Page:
Drivers around Fort Mill and the rest of South Carolina are sporting the latest car jewelry – the newly issued sunrise license plate.
Much to the chagrin of the many residents who loved their Palmetto plate, the new design became the official replacement in July. If you still have the Palmetto plate on your vehicle, expect to receive the sunrise plate in the mail once you renew your tags.
“Palmetto plates should be completely phased out by July 2009 – all 2.7 million will be replaced,” said Beth Parks, S.C. Department of Motor Vehicles communications director.
So why do we have to relinquish our beloved “Smiling Faces, Beautiful Places” plates?
Never miss a local story.
“South Carolina law requires us to replace plates approximately every six years,” said Parks.
The S.C. DMV conducted a design competition for the new plate and got more than 300 submissions. A panel of judges narrowed the field to three choices and put it up for a public vote last summer. In August 2007, Matthew Kamann's sunrise design won, receiving more than 102,000 votes. Kamann, a resident of Mount Pleasant, said the design reflected the sunrise views he often saw at the golf course where he worked, Parks said.
“The new sunrise plate is the first license plate chosen by South Carolina citizens,” Parks said.
The plate features a dark blue palmetto tree and crescent moon against the sunrise. The blue color is palmetto blue, the same color used in the state flag, said Parks. The S.C. Department of Parks, Recreation and Tourism designed the new slogan/Web site, TRAVEL2SC.COM, which appears at the bottom of each plate.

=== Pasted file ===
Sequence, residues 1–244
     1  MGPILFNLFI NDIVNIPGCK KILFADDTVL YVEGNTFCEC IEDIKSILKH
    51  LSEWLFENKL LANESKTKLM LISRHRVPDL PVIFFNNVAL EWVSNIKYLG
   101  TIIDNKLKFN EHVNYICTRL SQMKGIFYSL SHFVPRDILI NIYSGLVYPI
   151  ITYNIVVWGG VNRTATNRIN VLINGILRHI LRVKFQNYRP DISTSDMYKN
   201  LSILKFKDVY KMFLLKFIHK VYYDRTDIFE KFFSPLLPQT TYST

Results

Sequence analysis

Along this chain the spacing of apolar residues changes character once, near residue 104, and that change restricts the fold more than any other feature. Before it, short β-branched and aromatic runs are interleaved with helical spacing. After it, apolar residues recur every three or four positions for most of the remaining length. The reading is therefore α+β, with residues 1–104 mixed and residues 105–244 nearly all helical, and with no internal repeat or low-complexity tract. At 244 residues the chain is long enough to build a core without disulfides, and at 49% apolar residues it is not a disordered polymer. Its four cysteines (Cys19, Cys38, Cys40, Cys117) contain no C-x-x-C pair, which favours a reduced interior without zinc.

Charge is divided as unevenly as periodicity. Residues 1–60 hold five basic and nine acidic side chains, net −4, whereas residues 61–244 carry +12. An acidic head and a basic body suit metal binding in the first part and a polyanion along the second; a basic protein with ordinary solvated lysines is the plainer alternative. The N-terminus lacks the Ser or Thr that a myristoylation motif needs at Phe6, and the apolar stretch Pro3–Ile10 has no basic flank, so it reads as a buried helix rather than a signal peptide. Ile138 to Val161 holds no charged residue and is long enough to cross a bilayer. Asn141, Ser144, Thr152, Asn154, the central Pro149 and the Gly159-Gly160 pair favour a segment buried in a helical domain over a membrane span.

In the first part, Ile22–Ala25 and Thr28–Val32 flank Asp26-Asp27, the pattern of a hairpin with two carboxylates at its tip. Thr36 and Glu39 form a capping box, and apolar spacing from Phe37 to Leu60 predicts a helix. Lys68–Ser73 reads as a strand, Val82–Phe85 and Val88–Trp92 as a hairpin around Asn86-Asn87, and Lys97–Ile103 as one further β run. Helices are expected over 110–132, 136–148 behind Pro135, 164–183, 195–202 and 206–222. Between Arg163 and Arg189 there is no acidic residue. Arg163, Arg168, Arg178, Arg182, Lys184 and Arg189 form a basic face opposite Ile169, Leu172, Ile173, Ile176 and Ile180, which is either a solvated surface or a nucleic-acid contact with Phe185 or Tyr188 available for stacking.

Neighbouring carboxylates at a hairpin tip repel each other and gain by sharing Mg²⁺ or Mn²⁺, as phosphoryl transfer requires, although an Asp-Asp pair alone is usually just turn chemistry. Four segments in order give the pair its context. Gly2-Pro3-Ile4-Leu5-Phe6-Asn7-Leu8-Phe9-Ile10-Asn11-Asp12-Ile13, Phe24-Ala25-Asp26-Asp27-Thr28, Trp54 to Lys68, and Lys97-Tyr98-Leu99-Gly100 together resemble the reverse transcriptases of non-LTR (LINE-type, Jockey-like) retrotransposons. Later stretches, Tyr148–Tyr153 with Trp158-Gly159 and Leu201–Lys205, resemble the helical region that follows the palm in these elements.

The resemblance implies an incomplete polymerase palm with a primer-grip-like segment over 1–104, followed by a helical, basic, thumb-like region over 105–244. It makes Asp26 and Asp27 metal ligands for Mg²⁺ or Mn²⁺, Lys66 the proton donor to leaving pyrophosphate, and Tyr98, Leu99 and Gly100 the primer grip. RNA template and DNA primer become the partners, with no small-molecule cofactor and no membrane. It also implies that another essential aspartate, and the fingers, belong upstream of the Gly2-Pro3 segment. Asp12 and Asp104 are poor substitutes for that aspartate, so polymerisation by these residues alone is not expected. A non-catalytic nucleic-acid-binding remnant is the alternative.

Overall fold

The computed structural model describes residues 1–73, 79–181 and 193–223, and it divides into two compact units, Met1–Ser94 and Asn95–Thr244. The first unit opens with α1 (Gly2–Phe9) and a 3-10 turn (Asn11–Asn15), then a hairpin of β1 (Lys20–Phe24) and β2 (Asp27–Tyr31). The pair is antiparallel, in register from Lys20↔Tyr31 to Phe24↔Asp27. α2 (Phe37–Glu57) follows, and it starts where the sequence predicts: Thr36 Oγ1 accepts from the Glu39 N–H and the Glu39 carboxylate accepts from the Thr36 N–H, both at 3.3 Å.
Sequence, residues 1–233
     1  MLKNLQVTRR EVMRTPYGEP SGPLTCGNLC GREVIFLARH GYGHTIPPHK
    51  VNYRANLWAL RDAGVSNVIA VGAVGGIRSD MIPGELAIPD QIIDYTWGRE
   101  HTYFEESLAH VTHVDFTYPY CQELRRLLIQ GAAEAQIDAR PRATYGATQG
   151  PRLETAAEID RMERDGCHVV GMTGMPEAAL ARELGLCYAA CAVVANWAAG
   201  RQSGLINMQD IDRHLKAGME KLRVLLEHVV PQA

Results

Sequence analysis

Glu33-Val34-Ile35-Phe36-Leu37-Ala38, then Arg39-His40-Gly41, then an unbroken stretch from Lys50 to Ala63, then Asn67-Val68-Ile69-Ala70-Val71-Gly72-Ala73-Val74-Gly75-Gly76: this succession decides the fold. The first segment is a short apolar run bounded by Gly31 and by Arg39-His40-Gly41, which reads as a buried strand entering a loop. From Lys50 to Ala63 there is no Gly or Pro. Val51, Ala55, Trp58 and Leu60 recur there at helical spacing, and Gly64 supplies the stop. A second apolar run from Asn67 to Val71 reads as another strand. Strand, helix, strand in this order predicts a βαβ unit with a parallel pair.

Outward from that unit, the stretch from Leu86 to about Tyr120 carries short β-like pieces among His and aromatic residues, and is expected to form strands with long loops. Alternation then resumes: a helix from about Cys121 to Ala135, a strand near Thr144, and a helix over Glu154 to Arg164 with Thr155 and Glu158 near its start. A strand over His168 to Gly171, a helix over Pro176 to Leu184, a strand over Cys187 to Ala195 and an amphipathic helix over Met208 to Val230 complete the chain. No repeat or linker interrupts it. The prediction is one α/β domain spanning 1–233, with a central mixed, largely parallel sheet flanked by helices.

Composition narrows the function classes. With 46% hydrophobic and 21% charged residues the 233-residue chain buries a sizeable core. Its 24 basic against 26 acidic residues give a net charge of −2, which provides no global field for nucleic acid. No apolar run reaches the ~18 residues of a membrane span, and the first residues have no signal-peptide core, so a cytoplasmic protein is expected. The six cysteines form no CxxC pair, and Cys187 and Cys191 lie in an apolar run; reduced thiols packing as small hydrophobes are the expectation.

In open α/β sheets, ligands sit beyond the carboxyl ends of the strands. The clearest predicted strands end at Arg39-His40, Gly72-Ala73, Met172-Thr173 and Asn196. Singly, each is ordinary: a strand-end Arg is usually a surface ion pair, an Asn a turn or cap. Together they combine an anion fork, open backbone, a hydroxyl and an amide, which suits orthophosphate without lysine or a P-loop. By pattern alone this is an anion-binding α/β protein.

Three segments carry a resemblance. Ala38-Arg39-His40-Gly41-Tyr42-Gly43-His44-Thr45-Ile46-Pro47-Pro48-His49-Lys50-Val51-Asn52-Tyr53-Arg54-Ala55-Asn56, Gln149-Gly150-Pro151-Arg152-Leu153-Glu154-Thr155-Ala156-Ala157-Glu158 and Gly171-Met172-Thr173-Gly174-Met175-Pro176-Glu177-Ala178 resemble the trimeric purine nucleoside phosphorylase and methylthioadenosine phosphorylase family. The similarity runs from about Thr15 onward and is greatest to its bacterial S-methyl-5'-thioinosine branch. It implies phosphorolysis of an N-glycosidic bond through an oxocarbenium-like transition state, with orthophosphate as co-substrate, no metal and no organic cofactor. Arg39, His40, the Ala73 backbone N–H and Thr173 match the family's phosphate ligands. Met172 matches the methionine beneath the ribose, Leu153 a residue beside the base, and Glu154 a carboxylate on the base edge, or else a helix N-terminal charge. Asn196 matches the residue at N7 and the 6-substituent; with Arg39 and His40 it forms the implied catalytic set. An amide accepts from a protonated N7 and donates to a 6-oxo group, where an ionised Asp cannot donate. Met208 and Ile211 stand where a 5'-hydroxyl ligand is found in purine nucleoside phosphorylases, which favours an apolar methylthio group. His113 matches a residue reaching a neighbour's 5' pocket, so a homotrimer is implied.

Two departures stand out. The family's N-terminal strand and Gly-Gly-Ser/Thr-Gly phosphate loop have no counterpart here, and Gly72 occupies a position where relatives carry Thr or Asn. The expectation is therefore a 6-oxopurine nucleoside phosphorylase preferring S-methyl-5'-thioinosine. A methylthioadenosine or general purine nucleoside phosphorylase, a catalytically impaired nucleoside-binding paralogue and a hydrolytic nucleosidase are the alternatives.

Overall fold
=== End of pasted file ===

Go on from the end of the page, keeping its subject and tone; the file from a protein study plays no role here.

The new design is not without its critics. Parks said that many have complained that it looks like it should be from Arizona because of the “mountains.” “The background is treetops, not mountains,” she said.
Then there is the moon problem. “The plate originally had no moon, but the judges wanted one in there, so we put one in. Now people complain that it is astrologically impossible for the moon to be there,” said Parks.
Some claim the plate has a Clemson look about it, but Parks, a Carolina fan, adamantly denies any connection.
You can't please everyone. Just ask the people who told Parks the old Palmetto plate looked like a piece of broccoli.